Nigerian President Muhammadu Buhari on Friday denounced recent xenophobic violence in South Africa as an “embarrassment” for the continent, as he wrapped up a state visit.
Buhari’s trip was overshadowed by a spate of recent attacks against foreign workers in South Africa, where the unemployment rate stands at 29 percent.
Mobs descended on foreign-owned stores in and around Johannesburg in early September, destroying properties and looting and at least 12 people, mostly South Africans, were killed.
“The recent acts of xenophobic attacks on our compatriots and other Africans in South Africa are shocking to me, Nigerians and indeed Africa. It was an embarrassment to the continent,” he said
“As a government, we are quite disturbed by these very unfortunate events and have taken actions and measures to address this issue and prevent their re-occurrence with the South African government.”
Buhari and South African counterpart Cyril Ramaphosa agreed to set up better intelligence and share information to pre-empt anti-foreigner sentiment from transforming into violence and bloodshed.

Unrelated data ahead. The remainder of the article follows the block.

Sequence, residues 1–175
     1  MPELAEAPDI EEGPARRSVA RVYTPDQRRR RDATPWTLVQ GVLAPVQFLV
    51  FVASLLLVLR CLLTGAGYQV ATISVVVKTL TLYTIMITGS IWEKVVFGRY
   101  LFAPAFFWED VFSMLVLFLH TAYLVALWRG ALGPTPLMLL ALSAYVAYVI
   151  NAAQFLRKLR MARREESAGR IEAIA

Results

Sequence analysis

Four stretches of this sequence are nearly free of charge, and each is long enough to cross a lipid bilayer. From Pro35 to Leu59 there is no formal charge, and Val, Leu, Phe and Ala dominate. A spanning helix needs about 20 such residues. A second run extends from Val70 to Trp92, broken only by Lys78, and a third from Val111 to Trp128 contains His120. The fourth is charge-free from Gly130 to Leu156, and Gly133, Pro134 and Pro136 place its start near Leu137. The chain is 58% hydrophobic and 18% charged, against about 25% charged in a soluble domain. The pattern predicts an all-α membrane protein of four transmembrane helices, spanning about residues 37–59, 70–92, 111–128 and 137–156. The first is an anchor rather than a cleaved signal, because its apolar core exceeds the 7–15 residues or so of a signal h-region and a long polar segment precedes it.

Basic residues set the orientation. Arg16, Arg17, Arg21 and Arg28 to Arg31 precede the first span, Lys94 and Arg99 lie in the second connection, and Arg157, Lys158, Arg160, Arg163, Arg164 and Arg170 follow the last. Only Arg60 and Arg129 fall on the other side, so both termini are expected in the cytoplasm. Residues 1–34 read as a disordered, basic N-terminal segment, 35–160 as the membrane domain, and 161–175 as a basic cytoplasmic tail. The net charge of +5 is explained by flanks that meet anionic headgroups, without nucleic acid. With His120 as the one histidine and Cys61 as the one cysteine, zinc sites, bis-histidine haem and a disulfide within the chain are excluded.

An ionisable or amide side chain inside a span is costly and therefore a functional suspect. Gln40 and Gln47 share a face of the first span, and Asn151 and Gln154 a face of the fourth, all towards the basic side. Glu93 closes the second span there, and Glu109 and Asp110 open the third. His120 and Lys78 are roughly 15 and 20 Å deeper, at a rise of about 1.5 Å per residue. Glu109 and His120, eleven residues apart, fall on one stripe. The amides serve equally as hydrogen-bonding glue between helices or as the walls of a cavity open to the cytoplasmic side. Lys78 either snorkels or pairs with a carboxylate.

Violent attacks targeting foreigners rocked South Africa notably in 2008 and 2015, shocking a country that suffered racist white-minority rule for decades and which now prides itself as a “rainbow nation” for people of all colours and communities.
Africa’s most industrialised economy is a magnet for migrant workers seeking better job prospects on the continent.
Nigerians make up a significant part of that population, which also includes people from Malawi, Zimbabwe and South Asia.